And then came the End of History, summed up by Francis Fukuyama's influential 1989 essay declaring that mankind had arrived at the "end point of ... ideological evolution" in globally triumphant “Western liberalism.” The two decades beginning in 1991 witnessed the greatest rise in living standards that the world has ever known. Credit was easy, complacency and apathy were rife, and street protests looked like pointless emotional sideshows — obsolete, quaint, the equivalent of cavalry to mid-20th-century war. The rare large demonstrations in the rich world seemed ineffectual and irrelevant. (See the Battle of Seattle, 1999.)

There were a few exceptions, like the protests that, along with sanctions, helped end apartheid in South Africa in 1994. But …"Massive and effective street protest" was a global oxymoron until — suddenly, shockingly — starting exactly a year ago, it became the defining trope of our times. And the protester once again became a maker of history.

But wait, to whom did the protests seem “ineffectual and irrelevant”? Not the people who were affected by the wrongs we were protesting. Those of us participating only felt that way because the media refused to let anyone know about them. Of course, I was in the antinuclear movement and the protests for sanctions in South Africa, and it’s not like the mainstream media was a big cheerleader for us even then. Protesting Israeli occupation in the U.S.? Please!

Still it is true that by the mid-1990s, the tiny media window that had been open to progressives slammed shut. It became an unwritten rule that left-wing protest would only be covered if it could be spun as a crime story. The bigger the crime, the bigger the story.

For the last twenty years, we’ve understood that if you wanted to be covered in the mainstream press, you had to have arrests. The problem for us in San Francisco is that the SFPD and the City figured that too, and it’s become next to impossible to get arrested for civil disobedience in San Francisco.

Hundreds of people risked arrest on Friday, some by locking themselves to buildings, others by blocking streets for hours, but only 23 were arrested. The majority of those arrests were at the Wells Fargo headquarters. We had at least 40 people prepared to be arrested there, but the police only arrested people at the back and side doors, leaving those of us at the large public entrances with “Wells Fargo Bank” signs over them to languish in the rain as long as we chose. Same at a number of Bank of America branches. The police won’t arrest people unless the banks tell them to, and the banks don’t want the bad publicity of mass arrests on their property, especially if the pictures are going to show people being manhandled with their logos prominently visible.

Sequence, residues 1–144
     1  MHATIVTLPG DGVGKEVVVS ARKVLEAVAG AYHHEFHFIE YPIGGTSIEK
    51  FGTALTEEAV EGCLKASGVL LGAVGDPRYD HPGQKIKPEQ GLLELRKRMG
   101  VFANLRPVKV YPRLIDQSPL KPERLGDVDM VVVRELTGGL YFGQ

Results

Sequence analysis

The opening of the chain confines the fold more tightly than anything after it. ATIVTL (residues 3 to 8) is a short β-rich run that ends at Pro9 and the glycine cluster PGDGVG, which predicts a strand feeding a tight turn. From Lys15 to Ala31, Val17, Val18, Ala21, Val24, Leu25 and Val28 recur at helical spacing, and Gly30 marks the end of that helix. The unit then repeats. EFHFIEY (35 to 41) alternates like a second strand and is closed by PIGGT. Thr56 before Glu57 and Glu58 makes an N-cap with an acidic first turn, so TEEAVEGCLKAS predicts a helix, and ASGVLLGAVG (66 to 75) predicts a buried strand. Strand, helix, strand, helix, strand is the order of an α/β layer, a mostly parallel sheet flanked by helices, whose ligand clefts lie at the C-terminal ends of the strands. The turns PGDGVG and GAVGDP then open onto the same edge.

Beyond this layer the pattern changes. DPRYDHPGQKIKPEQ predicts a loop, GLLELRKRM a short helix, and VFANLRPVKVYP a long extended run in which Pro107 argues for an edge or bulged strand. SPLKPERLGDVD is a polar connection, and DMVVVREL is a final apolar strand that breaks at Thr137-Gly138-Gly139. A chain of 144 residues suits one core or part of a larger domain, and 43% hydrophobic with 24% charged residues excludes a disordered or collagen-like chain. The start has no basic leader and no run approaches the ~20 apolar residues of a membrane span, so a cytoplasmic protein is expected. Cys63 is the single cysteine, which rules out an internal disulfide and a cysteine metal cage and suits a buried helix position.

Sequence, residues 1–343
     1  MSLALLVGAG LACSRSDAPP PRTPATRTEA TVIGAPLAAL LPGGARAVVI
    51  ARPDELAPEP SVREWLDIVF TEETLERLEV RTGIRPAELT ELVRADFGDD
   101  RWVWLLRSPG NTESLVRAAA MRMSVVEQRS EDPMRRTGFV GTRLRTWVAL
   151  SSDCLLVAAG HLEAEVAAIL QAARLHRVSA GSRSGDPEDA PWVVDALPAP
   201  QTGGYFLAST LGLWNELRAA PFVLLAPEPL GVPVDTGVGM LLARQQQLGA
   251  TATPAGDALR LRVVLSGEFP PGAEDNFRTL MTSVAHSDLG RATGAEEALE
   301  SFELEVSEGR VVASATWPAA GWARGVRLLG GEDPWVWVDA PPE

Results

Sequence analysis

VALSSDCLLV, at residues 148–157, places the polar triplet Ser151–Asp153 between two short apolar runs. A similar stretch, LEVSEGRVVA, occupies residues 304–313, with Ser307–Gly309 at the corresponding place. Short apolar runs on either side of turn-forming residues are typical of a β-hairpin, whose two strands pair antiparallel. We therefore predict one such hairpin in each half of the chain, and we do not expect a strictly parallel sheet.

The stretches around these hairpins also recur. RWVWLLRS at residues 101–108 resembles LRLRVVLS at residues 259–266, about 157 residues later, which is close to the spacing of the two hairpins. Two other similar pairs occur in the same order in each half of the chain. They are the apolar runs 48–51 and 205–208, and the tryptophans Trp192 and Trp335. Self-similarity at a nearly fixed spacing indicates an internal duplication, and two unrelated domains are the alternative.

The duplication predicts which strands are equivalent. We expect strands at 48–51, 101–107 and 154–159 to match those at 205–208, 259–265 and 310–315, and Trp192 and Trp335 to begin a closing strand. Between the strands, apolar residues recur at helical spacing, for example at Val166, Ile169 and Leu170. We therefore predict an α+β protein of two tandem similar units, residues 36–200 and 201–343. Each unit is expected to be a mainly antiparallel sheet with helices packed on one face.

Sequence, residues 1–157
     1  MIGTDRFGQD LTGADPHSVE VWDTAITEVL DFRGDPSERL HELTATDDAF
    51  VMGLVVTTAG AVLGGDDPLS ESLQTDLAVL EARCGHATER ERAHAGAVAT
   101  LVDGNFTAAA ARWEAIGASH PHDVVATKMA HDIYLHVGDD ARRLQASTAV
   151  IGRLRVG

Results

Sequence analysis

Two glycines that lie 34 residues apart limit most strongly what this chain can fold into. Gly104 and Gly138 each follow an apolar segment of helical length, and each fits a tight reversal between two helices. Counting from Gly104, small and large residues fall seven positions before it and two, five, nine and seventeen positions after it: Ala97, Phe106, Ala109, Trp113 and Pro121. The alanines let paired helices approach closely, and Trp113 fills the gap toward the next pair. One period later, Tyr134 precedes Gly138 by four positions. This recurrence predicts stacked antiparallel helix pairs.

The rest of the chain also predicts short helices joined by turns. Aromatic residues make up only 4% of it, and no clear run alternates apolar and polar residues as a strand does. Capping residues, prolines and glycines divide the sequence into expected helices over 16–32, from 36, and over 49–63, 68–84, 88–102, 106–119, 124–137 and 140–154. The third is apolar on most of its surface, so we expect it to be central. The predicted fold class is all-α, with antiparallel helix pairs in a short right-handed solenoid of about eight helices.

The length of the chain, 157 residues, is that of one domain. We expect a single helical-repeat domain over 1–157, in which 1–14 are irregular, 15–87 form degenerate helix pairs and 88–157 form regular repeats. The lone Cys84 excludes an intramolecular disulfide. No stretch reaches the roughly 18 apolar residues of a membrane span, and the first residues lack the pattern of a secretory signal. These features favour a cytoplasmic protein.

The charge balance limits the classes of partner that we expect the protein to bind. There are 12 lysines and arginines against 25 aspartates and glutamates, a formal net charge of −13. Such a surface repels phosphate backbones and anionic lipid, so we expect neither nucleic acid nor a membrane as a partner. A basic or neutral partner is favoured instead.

Because people were so spread out during the day, the only way the media could possibly have known how many people were out there was by asking the police, who couldn’t have known either – they only knew about actions that businesses complained about. No one called them about the line-up of poets and musicians performing at various locations around town, or about the Iraq Veterans Against the War reenactments of Search and Destroy operations around town.

There was a small amount of property damage and a minor clash with police late Friday night when activists took over a vacant hotel. (According to the Chronicle, people threw Bibles at the police.) Needless to say, that action, which most of us who participated in the day of action didn’t even know about, got the most coverage. On Saturday night, I was watching the news and suddenly there was a shot of my friends being hauled away from Wells Fargo. The voiceover said, “The Occupy protests are over, now the cleanup begins.” They showed someone sweeping up glass at an auto dealership, and then immediately went back to scenes of bank blockades and street marches. I thought, “Wow, we look so good.”

And I also thought, “I’m not in favor of violence or random property damage, but it did get us two days of coverage.”

Saturday, January 14, 2012

Yvette & Me